Platform Leveling Trick

by haqnmaq, published

Platform Leveling Trick by haqnmaq Feb 20, 2011


Liked By

View All

Give a Shout Out

If you print this Thing and display it in public proudly give attribution by printing and displaying this tag.

Print Thing Tag

Thing Statistics

8435Views 65Downloads


This is a derivitive of "Platform Leveling Trick" by ScribbleJ. http://www.thingiverse.com/thing:6545
This version uses stuff that I had lying around the house. It uses springs out of a mechanical pencil (which fit perfectly over the bolts), to make it easier to level the build platform. It might take a little bit of the stress of the extruder nozzle, to prevent it from breaking your extruder, if it is laying down too much plastic also.


Take apart 4 mechanical pencils, and remove the springs (I have only tried BIC pencils). Place the springs in between the wooden baseplate, and the build platform. Then just tighten, or loosen each bolt seperately to level the platform. :) Enjoy

All Apps

Upgrade this Thing with Thingiverse Apps

No results.

I used the thumbwheels from http://www.thingiverse.com/thing:9094http://www.thingiverse.com/thi... to make it even easier. I had a problem when applying new kapton or painters tape, when applying pressure the whole platform lowers and the nuts loose its position in the bolt, so you have to re-level again.

Using the 8 thumbwheels and nuts, I locked each nut against each other across the wood so the bolts won't lower even if the springs allow the HBP to move a little when under pressure :D

HBP Quick Leveler
by Scooter

For the nut on the bottom (bottomest), how does a thumb nut from McMaster-Carr look to anyone else? Thinking about buying some

Thanks for the brilliant idea - I put this in on mine, for the first time in 1.5 years since I got my makerbot cupcake, it actually has a level platform. Bravo!

Put this in this weekend, it works great. A couple of things to note:

1) It's easier to lower the high side by tightening a screw than it is to raise the low side by loosening one.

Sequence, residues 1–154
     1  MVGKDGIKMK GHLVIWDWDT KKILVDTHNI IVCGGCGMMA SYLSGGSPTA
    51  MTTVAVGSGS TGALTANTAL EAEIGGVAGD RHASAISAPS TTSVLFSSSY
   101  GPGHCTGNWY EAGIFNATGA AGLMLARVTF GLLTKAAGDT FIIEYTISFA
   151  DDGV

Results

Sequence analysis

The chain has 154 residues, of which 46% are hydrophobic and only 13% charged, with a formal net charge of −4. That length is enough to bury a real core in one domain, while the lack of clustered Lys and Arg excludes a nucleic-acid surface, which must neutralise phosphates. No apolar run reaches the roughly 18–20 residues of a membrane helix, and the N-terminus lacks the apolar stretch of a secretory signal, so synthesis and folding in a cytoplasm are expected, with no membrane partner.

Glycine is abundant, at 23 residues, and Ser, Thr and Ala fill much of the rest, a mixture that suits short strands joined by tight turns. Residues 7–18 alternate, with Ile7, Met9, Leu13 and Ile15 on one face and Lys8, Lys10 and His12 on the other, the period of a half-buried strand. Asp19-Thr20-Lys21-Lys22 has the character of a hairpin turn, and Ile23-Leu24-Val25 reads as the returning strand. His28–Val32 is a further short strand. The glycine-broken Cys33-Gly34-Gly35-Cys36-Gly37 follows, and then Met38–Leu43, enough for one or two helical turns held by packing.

2) Use a piece of notebook paper to gauge the distance between the hot end and the platform at the back and the front. You should be able to adjust the Z axis to where the paper just scrapes your nozzle, then move the platform and find the same resistance at the opposite corner.

3) This hack changed the PID characteristics of my HBP slightly, I think because it's now further away from the plywood base. You may have to jiggle your PID settings to get it to hold temperature really precisely.

4) With countersunk screws, use a little Kapton to hold them in place while you assemble springs and HBP base. I used 20mm m3 countersunk heads instead of the 16mm length to get a little extra wiggle room.

Ooh this is crunchy. I might have to try it on my countersunk HBP.

You can use the black rubber tubing for the belt drive as well. Cut it very carefully to the thickness desired using the included razor blade.

This has a great springy feel that provides the perfect level of resistance without having to destroy a precious mechanical pencil.

Also if you use a thin segment, you can continue using the belt drive.

Adding springs really was a huge help with getting raftless working well. Using wing nuts makes it even easier to adjust.

I have a couple tips to add. I found that using just three bolts to anchor the HBP was sufficient and made leveling a lot easier. Also, make sure that the bolts slide easily in and out of the wood holes. Reaming the holes slightly by hand with a drill bit helped a lot.

simply brilliant :) thx allot ;)

Anyone know the reason they made the bolt holes on the wooden piece of the ABP not line up with the T-slots on the acrylic sides? In the wiki they say there is a good reason for it, but they never give the reason.... why would they do this.... seems like all it would do is lead to alot of chipped t-slots like a few of my own.

I countersunk my screws into the HBP, so my set (from top to bottom) is:

  • Screw
  • Aluminum surface of the HBP
  • PCB of the HBP
  • Nut
  • Spring
  • Washer
  • Wood surface of the HBP
  • Washer
  • Nut
  • Nut (double-deckered)

It looks encouraging so far, but we'll see how it holds up. I double-deckered the nuts because it can't really tighten them against anything other than t
he pressure of the spring. To accommodate the extra space this creates, I needed longer screws. However, they couldn't be too long or they would hit my "low rider" XY stage. I wound up cutting some screws to 12-13 mm.

I used two really sturdy springs from my hardware store, which I cut into thirds.

this is a great upgrade. i did it a few months ago and it has been working great. glue the nut to the bottom of the platform and all you have to do is go in with an allen wrench to adjust the height

Yeah I flipped it and used countersunk screws to keep the platform obstrution free. Great idea, better than using multiple nuts to hold it up/apart. And springy in case of head crashes. Pencil springs FTW!

Thats a good idea! Thanks

That was quick! And I like it!

Thanks, It was your idea, and a great one at that!!